Spotlight On: Carlos Liriano, Board Chair, North Carolina Hispanic Chamber of Commerce

Spotlight On: Carlos Liriano, Board Chair, North Carolina Hispanic Chamber of Commerce

2022-07-13T05:29:21-04:00June 7th, 2022|Economy, Raleigh-Durham, Spotlight On|

Carlos Liriano2 min read June 2022 Invest: was joined by Carlos Liriano, board chair of the North Carolina Hispanic Chamber of Commerce, to discuss how the organization’s services can provide an ever diversified business community more pathways to success. “This is where our network can be so helpful,” he said.

What are the programs and resources the Chamber can provide members to mitigate recent labor shortages?

It’s the biggest complaint we receive. We’re fortunate to see a huge increase of new businesses registering, but we don’t have the labor to support it so there is real competition for talent. In our role, we can promote employment opportunities online. We’ve even had American Airlines reach out seeking more Hispanic workers, so tapping into our network of members presented some great jobs for the community. We have a lot of great services for businesses that we offer for free that otherwise cost hundreds and thousands of dollars. That’s a huge value that we are looking to communicate better moving forward.  

How does the Chamber respond to the evolving needs of a shifting demographic?

We are fortunate to have such diversity in our communities. A decade ago, most immigrants looking to start businesses here came from Mexico, but now we are seeing more from Puerto Rico, Dominican Republic, and Peru. We have a lot of questions about how to register businesses and apply for an Employer Identification Number. Our partnership with the Mexican and Guatemalan Consulates has provided a lot of great consultation in that regard.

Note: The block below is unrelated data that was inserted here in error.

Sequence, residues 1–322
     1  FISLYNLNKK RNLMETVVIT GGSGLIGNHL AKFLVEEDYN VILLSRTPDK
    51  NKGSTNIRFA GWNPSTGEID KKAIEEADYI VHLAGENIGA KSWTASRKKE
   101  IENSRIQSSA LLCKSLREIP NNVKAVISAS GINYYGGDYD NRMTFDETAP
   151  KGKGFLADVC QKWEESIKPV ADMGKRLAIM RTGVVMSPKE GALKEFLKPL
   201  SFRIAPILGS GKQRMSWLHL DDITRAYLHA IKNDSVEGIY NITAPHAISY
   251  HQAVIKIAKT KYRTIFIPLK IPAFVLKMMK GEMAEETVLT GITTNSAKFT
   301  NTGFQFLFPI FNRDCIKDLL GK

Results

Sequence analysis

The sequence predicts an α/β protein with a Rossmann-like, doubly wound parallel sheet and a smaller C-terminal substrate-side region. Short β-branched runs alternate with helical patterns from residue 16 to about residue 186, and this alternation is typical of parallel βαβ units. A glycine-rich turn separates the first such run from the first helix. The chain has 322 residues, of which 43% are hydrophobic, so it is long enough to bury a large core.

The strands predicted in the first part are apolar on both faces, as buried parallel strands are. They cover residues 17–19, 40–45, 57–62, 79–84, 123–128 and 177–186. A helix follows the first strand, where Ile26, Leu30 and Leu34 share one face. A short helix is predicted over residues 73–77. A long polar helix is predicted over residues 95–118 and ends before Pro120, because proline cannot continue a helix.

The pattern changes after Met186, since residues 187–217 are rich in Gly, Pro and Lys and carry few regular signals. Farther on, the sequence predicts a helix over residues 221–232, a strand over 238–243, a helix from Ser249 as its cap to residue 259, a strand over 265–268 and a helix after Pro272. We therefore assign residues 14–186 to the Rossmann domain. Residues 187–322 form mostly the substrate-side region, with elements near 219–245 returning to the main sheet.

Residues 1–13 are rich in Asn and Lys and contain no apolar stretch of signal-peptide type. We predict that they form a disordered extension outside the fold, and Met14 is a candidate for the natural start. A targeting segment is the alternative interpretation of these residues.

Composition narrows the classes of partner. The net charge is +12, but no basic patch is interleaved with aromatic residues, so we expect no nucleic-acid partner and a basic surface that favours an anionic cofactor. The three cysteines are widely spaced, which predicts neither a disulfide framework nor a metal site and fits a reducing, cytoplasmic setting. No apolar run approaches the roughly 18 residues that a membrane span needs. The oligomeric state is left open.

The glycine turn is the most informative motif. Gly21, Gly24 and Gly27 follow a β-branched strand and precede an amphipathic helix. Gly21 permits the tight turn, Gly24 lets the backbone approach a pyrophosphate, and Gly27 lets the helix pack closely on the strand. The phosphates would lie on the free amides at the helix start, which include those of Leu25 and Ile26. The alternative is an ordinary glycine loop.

But no matter where they come from, everyone wants the American Dream of owning property right away, so that is another major inquiry. We’ve increased the number of realtors in our membership, and that is evidence of that desire. People will ask us what they need for applying for mortgages and what they need to locate a property to own or rent. There is also a need for legal and medical services, along with translation to navigate various immigration processes. This is where our network can be so helpful, especially lawyers who can support these issues for people. If we don’t have an answer, we’ll find the right person who does.

What types of legislation are you monitoring that may impact your membership?

If you’re not documented, it’s hard to do business and there are a lot less opportunities to thrive. There are a lot of people who’ve been here for many years and there’s no way they can become legal residents. Same with DACA students. We hope one day those who’ve been here for so many years may have the opportunity to legalize their documents. Some people have been here for more than 20 years, and their kids are citizens, so it creates an impossible situation. There should be some middle ground to help these people, because it’ll be way better for everyone overall.

What is your outlook for the Hispanic business community in North Carolina in the coming years?

In a previous banking career, there was a point where I was the only Hispanic branch manager in the entire triangle. Things have changed considerably since then and it’s had a great impact on our businesses. Back in the 1990s, there were about 75,000 Hispanics living in the region. That number has exploded to over 1,000,000, and we are going to keep growing. With more people moving in and buying properties, more companies will move in to tap into that workforce potential. We’re also hoping to incorporate more Consulate support from different nations to support the diversity of our immigrant population.

What are your priorities for the Chamber over the next three to five years?

We will continue to expand our programming as people get more comfortable with post-pandemic life. There will be a continued drive to grow our membership and get boots on the ground to engage the community. We want to educate our businesses and get the information out that they need to succeed. There are great leaders and stakeholders in our community right now, and we want to be more united and get immigration services established for those who need them.

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